This assignment shocks even Wells’ most cynical colleagues. Because everyone knows the reason why he’s cut himself off from life. Five years ago, his own teenaged daughter hanged herself.

Wells accepts the assignment, though. He won’t be intimidated.

It’s not easy, but he’s a pro. He does the job. He interviews the grieving families and writes a sensitive series on the tragedies. Then he faxes the stories back to the paper.

And the hot-shot managing editor re-writes the stories (still under Wells’ name) to make them “relatable.”

Suddenly John Wells is the most hated man in the town.

And that’s not good, because Wells needs to go back there. He’s starting to suspect that at least some of the suicides were murders.

I loved the John Wells series because Peterson/Klavan focused it on a complex, deeply sympathetic main character, and surrounded him with an equally believable supporting cast.

The world-weary, cynical detective is a staple of hard-boiled crime fiction. Philip Marlowe and Sam Spade weren’t stereotypes in their own time, but they’ve become stereotypes. We take them for granted, and rarely ask ourselves what made them the loners they are.

John Wells’ alienation is the central problem of the series. He’s been hurt so badly in the past, first by the failure of his marriage, then by the suicide of his daughter, that he’s walled himself off from humanity. Most of his co-workers like him, but he keeps his distance. His protégé, a beautiful young reporter named Lansing, is crazy in love with him, but he treats her like a kid sister—not really because of the age difference, but because she’s alive, and he doesn’t dare get too close to life. In The Trapdoor, he does get involved with a woman, a suicide counselor (remarkably, one of the few instances I’ve ever seen in a detective novel where the hero connects with a woman specifically described as not beautiful), but they’re both so damaged that they know nothing can come of it.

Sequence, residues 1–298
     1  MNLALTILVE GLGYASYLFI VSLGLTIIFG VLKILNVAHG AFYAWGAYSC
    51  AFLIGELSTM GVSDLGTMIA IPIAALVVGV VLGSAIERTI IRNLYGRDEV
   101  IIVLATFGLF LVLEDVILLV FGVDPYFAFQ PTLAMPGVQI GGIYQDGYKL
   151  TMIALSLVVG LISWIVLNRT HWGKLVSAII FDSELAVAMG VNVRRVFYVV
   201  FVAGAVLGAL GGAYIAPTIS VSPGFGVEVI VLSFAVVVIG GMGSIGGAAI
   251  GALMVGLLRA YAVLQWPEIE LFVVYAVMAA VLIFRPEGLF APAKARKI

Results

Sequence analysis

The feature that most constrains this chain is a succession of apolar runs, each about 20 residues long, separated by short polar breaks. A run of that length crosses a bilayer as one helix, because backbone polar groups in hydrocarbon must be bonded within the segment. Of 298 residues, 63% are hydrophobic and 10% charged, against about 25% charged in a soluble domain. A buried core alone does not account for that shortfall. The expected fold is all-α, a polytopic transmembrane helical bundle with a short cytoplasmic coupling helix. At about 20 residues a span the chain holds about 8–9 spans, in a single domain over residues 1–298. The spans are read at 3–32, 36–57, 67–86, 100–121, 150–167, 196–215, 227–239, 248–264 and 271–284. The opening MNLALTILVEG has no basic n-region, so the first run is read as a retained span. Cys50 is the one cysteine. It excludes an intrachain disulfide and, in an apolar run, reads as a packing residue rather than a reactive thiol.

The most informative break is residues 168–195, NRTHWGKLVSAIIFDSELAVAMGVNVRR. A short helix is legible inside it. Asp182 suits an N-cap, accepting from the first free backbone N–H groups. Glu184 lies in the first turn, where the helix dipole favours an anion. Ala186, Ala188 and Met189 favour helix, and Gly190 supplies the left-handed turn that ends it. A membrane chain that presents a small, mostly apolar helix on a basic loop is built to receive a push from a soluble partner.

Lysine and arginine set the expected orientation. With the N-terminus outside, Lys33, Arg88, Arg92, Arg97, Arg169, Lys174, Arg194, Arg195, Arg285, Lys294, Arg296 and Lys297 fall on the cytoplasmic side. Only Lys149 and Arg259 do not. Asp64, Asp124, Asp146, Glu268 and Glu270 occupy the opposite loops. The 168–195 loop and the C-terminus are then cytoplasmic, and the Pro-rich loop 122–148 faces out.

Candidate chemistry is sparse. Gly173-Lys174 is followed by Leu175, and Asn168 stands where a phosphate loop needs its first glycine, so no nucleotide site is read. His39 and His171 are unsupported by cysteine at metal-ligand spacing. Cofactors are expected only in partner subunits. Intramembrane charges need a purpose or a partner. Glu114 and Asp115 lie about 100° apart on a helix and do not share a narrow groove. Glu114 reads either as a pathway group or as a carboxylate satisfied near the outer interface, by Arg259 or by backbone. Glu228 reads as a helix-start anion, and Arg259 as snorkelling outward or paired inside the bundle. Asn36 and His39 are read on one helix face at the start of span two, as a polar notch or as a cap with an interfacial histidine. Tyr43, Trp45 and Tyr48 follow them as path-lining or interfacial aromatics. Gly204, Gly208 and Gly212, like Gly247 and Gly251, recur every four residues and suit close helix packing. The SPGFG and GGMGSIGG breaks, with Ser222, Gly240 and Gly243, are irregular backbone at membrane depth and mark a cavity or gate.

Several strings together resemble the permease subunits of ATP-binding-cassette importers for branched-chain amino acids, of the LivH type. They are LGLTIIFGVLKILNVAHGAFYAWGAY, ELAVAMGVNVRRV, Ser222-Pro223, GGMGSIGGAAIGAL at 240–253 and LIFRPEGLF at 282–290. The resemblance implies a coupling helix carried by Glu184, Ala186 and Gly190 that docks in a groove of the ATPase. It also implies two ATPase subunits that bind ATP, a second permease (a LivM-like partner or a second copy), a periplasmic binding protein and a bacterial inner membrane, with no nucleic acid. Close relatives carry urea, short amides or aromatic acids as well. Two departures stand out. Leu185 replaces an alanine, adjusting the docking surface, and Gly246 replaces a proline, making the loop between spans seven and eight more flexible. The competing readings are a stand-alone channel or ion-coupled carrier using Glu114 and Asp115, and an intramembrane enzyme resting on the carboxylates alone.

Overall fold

As each book in the series progresses, however, Wells is forced to deal with one of his personal devils, to break down another of his psychological walls. The last book, Rough Justice, has the earmarks of an attempt to re-launch the series on a new level. But it also serves as a satisfactory climax. John Wells at the end of Rough Justice is a very different man from the John Wells we started out with in The Trapdoor.

This is early, pre-Christian Klavan, but many of the themes that inform his later work are already there. The books are out of print, but you can get them second hand. I recommend them highly.